Laurence C. Eisenlohr, VMD, PhD


Associate Professor

Professor
Microbiology & Immunology

Antigen Processing and Presentation for Recognition by Cytotoxic and Helper T Lymphocytes

Telephone
215-503-4540

Office Address
730A BLSB
233 S.10th Street, Philadelphia, PA 19107

Email Address
Laurence.Eisenlohr@jefferson.edu

Further Information
Eisenlohr Lab Home Page

 

There are currently five major interests in the Eisenlohr laboratory all of which relate to T cell recognition of antigen.

Processing and presentation for class I-restricted T cell recognition.
Most effort is being expended to determine the cellular elements involved in antigen processing and how subcellular location impacts the efficiency of antigen processing. These issues are being addressed through expression of genetically-manipulated influenza proteins bearing known class I-restricted T cell determinants. The approach has provided important information about the proteases that contribute to antigen processing and the efficiency with which proteins and protein fragments traffick within the cell.

Processing and loading compartments involved in presentation of MHC class II-restricted antigenic peptides.
We are utilizing two glycoproteins of influenza virus, hemagglutinin (HA) and neuraminidase (NA) 1) to identify the subcellular compartments within the cell where antigen becomes available for binding to class II molecules and the compartments where binding takes place, and 2) to determine the extent to which these processes differ in different cell types and when the antigen is taken up from the extracellular space vs. expressed in the antigen presenting cell itself.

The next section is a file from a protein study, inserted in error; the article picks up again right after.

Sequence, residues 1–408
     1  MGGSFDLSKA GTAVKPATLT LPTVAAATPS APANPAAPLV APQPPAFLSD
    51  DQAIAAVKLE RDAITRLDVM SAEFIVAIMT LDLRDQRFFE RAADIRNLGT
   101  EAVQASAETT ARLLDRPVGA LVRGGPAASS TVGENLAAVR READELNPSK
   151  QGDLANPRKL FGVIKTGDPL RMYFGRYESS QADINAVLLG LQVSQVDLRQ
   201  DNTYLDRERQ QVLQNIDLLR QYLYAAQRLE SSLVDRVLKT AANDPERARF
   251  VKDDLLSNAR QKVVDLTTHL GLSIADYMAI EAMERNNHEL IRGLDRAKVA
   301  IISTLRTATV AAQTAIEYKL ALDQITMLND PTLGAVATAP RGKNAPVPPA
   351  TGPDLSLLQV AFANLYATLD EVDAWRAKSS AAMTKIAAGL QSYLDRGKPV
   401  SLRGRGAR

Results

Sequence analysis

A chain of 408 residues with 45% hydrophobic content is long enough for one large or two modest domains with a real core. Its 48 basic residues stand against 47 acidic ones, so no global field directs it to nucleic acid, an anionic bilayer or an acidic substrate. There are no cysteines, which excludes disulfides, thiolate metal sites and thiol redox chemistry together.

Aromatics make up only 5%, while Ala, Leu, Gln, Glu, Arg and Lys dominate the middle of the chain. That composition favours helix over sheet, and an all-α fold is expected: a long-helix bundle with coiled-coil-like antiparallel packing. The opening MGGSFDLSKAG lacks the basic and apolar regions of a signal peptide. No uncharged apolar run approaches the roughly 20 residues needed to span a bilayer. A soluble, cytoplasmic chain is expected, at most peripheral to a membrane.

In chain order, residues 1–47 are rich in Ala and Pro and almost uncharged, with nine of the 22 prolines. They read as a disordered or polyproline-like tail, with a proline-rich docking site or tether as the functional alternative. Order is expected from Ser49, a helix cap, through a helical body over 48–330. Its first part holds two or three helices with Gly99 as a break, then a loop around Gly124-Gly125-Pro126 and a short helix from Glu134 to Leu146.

The expression and response to "cryptic" MHC class I-restricted epitopes.
MHC class I-restricted cytotoxic T lymphocytes (CTL) are exquisitely sensitive to low levels of antigens and we and others have demonstrated that they can be triggered by the products of aberrant gene expression, such as alternative splicing, exon translation, alternative start codon usage and frameshifting. We hypothesize that these aberrant translation products play an important role in defining the world of "self" and may be involved in triggering autoimmunity. In a collaboration with the laboratory of Dr. Raymond Gesteland (U. of Utah) we are currently focusing on one of these mechanisms, ribosomal frameshifting, and its role in T cell activation.

Dynamics of CD8+ T cell responses.
Using tools generated in association with project 1, we are now investigating the impact that antigen dose has upon the magnitude of the T cell response and the character of the resulting memory population.

Thyroid cancer and autoimmunity.